When the country went into crisis with the coronavirus pandemic, thousands of festivals all over the UK postponed, the uncertainty too much. Not so for local charity Arts Taunton. The charity had launched the TYCA youth festival the previous year.
“We could easily have done what others did, seen an unsurmountable barrier, move the money into next year and done nothing,“ said Arts Taunton spokesperson and festival director, Deborah Baddoo.
Instead the charity launched a new TYCA festival website and reached out to other businesses that would be willing to help them make it happen. They launched competition challenges for the first four weeks, with cash prizes, to allow young people up to the age of 25, to explore their creativity and find ways to relate to their new environments. Themes included ‘living in a small space’ and ‘what does a mask mean to you?’ “It was a time to be brave. The world changed daily, and indeed continues to do so,“ said Deborah, “but now more than ever we knew the creative industries needed support and young people needed an outlet for all their emotions. Arts Taunton began creating a platform for the young people of Somerset to meet that need.” In March 2020 TYCA announced two online workshops, one for visual arts delivered by Go Create and one giving young people a voice through the Spoken Word, delivered by Clementines Live Arts. Whilst both were extremely successful, the latter of these attracted children from all over the world. The decision to go fully virtual was taken late July. At this point the charity reached out to Digital Taunton, a confederacy of companies bound by their digital deliveries and a solution to take the event completely online was sought.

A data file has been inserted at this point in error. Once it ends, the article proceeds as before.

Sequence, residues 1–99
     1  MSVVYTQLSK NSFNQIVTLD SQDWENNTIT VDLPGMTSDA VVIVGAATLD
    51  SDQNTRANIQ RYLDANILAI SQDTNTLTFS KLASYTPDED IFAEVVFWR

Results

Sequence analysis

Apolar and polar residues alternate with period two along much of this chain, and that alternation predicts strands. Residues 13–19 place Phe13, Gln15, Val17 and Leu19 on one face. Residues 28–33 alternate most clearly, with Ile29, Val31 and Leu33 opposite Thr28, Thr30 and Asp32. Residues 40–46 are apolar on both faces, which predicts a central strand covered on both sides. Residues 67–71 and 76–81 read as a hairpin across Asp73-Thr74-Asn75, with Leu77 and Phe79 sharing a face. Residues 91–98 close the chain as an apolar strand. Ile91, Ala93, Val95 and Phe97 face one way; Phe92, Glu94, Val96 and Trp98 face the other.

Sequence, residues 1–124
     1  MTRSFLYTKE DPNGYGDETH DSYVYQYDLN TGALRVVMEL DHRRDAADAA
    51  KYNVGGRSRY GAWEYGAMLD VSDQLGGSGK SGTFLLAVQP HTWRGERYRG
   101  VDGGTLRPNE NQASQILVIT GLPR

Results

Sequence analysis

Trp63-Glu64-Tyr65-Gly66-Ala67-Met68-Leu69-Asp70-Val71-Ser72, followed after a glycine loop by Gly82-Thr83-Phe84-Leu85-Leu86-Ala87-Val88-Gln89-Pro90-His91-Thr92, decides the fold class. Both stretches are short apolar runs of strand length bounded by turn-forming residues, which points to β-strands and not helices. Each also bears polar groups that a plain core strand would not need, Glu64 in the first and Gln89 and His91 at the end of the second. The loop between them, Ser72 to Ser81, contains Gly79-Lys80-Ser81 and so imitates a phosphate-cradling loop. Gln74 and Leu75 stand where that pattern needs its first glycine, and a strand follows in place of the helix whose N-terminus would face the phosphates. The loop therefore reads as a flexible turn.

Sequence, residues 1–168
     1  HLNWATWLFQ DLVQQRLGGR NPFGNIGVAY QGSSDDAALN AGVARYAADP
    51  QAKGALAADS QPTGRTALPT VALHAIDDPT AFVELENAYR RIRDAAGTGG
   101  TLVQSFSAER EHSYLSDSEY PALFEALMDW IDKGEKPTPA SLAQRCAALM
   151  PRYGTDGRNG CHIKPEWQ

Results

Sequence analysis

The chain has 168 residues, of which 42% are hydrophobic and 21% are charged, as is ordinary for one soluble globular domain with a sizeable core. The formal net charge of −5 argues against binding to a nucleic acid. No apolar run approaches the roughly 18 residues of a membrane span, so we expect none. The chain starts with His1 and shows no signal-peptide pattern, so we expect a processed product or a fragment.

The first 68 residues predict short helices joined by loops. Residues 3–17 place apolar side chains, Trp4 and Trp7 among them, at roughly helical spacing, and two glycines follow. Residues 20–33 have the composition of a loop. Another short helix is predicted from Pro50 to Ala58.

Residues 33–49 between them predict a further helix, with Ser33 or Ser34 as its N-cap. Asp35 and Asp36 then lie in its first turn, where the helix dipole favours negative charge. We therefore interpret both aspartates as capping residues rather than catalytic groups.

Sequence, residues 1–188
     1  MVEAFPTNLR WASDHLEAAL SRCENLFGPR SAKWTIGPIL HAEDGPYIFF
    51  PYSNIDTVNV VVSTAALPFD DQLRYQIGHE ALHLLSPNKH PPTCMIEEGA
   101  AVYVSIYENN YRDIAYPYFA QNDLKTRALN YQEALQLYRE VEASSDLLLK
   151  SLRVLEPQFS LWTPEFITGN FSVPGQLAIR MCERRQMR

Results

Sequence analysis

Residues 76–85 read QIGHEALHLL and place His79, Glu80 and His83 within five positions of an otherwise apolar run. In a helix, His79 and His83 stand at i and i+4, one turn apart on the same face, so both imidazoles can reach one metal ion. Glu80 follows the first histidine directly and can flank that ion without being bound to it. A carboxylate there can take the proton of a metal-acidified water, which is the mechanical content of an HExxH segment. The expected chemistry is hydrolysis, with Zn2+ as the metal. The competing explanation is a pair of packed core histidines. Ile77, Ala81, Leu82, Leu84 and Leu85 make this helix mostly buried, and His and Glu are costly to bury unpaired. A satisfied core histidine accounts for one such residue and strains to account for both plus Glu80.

Tacchi Morris Arts Centre in Taunton offered their venue to host socially- distanced performances. TYCA now had lighting, sound, an auditorium and stage. Young videographer and Digital Taunton member, Glen Wayman of Highwayman Films, himself only 24, offered his expertise and crew in making the filming happen.
Ian McNiece, who had attended Taunton School as a boy, agreed to become involved. Ian, who has a string of major film and TV credits to his name, and currently appearing as Bert in the popular TV series Doc Martin, offered his services. This meant the charity could create two distinct days of entertainment, with a professional actor compering.
BBC Radio Somerset have picked up on TYCA and the Spoken Word UPwords and ONwords event and offered to broadcast the young people’s performances. The show, a mixture of professionally recorded performances and home recordings will be broadcast on the 17th of September at 8 pm. It will also go out via Facebook watch party and stream on the TYCA festival website simultaneously. In October, TYCA festival will go live, the result of many collaborations. Arts Taunton, through the festival, has given 10 performing artists and their companies work during a time when little was available, a platform for young people to learn and be creative and Taunton businesses have worked together to make this happen.
Join them on the 17th of September for the Spoken Word performances and again on October 23rd and 24th for the TYCA festival via their website: https://tycafestival.co.uk